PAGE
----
Court of Justice Contests Its Liability for a Breach Committed by One of Its Own Courts

On Feb. 17, 2015, the Court of Justice of the European Union (“CJEU”) brought an appeal before the Court of Justice against an order of the General Court that had found that the CJEU was the correct representative of the EU in an action for damages. The action for damages—that seeks to engage the non-contractual liability of the EU—arises as a result of a General Court failure to deliver a judgment within a reasonable time.[1]  As the latest development in a tussle that began in February 2006, the CJEU is contesting its liability for a breach committed by one of its own courts.[2]  The General Court’s responsibility for the excessively long proceedings (approximately five years and nine months) has already been confirmed.

The CJEU’s arguments concern the objective impartiality of the General Court to assess a breach committed by the same judicial body. The judgment under appeal had held that the Treaties of the EU ensure the independence and impartiality of the bench that will hear the case. In the wider context, the action for damages is the first of a number of similar cases that taken together involve claims for damages of close to €20 million. The entire budget of the CJEU for 2015 is just €357 million. To deal with a serious backlog of cases, the CJEU has also requested the appointment of 28 additional judges with an estimated cost burden of €22.9 million a year.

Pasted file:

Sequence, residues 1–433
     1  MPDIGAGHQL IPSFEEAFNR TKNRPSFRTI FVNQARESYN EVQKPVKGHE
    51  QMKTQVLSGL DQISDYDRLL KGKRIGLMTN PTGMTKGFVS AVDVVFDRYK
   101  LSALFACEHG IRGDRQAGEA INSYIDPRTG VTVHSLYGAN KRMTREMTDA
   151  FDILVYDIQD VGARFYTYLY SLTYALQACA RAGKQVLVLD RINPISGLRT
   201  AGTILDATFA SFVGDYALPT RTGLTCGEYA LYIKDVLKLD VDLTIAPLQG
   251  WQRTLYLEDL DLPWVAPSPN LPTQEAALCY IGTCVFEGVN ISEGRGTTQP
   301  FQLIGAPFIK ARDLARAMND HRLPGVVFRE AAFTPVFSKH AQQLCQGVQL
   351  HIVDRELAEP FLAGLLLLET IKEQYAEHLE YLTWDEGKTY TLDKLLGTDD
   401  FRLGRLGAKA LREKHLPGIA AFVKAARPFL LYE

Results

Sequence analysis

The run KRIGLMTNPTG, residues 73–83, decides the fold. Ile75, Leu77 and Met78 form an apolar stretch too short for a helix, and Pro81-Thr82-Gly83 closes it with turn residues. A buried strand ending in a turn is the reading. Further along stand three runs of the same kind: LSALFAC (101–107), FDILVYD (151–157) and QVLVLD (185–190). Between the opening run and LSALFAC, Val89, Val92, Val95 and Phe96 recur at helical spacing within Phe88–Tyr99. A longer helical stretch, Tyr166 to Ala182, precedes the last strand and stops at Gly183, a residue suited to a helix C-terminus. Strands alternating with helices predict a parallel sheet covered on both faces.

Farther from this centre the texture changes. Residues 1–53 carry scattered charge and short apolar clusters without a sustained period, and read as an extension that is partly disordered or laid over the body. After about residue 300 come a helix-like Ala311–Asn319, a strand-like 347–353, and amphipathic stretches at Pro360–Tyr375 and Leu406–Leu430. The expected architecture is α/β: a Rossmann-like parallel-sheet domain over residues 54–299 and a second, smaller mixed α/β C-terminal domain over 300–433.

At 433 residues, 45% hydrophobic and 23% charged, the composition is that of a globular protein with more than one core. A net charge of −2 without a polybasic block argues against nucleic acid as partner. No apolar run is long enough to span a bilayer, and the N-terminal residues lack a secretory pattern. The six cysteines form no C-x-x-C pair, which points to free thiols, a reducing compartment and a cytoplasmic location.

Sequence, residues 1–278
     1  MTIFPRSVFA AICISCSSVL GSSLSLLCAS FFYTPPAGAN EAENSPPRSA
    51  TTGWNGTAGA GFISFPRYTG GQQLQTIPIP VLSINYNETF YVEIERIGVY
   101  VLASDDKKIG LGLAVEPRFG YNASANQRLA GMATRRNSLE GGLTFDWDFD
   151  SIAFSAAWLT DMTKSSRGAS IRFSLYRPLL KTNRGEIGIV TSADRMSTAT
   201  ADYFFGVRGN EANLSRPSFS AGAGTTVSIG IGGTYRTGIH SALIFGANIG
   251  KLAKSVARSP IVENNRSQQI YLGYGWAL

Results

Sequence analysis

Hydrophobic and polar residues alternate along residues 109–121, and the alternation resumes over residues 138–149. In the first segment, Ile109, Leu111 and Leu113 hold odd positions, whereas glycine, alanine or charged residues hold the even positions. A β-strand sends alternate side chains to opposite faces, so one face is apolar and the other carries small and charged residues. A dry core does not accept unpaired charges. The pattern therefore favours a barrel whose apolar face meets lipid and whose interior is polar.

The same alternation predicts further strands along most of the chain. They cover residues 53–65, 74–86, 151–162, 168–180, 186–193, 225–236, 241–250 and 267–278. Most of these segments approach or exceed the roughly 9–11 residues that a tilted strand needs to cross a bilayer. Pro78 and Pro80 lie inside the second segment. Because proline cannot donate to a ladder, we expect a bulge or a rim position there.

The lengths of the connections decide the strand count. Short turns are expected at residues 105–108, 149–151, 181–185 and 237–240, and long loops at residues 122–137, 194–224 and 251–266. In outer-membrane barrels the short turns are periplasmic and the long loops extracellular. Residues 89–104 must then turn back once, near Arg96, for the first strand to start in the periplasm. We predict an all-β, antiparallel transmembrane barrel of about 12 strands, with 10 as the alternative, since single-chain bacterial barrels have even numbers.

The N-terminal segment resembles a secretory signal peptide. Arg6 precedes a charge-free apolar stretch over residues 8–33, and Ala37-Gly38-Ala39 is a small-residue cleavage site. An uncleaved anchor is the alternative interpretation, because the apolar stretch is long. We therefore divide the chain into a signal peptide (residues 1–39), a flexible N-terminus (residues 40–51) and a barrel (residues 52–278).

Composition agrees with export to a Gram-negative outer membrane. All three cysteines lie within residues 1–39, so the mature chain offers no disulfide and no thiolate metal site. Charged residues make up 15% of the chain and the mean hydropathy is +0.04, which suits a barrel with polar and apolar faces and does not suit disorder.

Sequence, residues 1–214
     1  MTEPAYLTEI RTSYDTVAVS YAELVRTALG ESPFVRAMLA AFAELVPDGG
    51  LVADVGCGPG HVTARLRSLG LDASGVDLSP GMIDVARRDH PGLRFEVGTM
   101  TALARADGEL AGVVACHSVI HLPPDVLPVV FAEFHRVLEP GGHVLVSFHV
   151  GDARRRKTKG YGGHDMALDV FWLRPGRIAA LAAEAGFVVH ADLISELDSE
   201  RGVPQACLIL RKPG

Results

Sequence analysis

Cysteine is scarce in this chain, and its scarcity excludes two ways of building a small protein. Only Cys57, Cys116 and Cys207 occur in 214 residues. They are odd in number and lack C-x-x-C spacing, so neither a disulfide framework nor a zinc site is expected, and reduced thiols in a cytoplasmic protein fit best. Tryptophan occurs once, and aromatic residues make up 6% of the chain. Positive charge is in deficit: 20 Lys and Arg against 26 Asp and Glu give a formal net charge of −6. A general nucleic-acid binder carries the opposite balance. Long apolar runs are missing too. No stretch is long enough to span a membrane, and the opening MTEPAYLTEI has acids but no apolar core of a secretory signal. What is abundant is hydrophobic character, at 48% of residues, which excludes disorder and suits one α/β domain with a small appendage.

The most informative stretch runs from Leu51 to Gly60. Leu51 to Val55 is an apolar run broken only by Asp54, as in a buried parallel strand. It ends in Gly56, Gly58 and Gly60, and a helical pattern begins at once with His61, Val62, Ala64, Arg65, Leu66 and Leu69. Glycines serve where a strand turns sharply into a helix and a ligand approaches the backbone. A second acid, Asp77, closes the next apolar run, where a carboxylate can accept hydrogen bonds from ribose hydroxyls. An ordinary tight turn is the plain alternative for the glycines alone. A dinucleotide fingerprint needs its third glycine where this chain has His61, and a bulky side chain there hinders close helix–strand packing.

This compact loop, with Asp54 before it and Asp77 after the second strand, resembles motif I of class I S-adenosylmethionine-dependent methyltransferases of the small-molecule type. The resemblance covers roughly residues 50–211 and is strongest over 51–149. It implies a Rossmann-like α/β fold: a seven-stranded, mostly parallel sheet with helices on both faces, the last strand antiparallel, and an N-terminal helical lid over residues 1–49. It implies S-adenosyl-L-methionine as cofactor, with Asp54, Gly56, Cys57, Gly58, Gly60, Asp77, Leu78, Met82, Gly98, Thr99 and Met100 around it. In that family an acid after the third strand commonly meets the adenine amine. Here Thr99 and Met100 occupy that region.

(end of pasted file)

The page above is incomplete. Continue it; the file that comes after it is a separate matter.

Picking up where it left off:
The proceedings, which stem from a Commission decision fining Kendrion €34 million for its participation in the “Industrial bags” cartel, can be summarised as follows:

  • Nov. 30, 2005: the Commission fined Kendrion €34 million.
  • Feb. 22, 2006: Kendrion brought an action before the General Court for annulment of the Commission decision.
  • Nov. 16, 2011: the General Court dismissed the appeal and ruled as ineffective Kendrion’s complaint concerning the time taken by the General Court to deliver its judgment. Kendrion had requested that the Commission’s fine be reduced to take into account the excessive length of the proceedings.
  • Nov. 26, 2013: the Court of Justice dismissed Kendrion’s appeal against the General Court’s judgment but stated that the length of the proceedings could not be justified by any of the circumstances of the case. The procedure had breached Article 47 of the Charter of Fundamental Rights of the European Union by failing to comply with the requirement to adjudicate within a reasonable time period. The Court stated that a claim for compensation would have to be brought before the General Court.
  • Jun. 25, 2014: Kendrion brought an action for damages before the General Court against the CJEU claiming, in respect of material damage, approximately €2.3 million and, in respect of non-material damage, approximately €11.1 million.
  • Jan. 6, 2015: the General Court dismissed an application lodged by the CJEU that raised a plea of inadmissibility against Kendrion’s damages action and a request that the CJEU be replaced by the Commission as defendant.
  • Feb. 17, 2015: the CJEU brought an appeal before the Court of Justice against the order of the General Court.

Information on the CJEU’s appeal can be found here.

[1] Case C-71/15 P, CJEU v Kendrion is the appeal brought by the CJEU against the order of the General Court made on Jan. 6, 2015, in Case T-479/14, Kendrion v European Union.

[2] The CJEU, which constitutes the judicial authority of the EU, consists of three courts:  the Court of Justice, the General Court and the Civil Service Tribunal.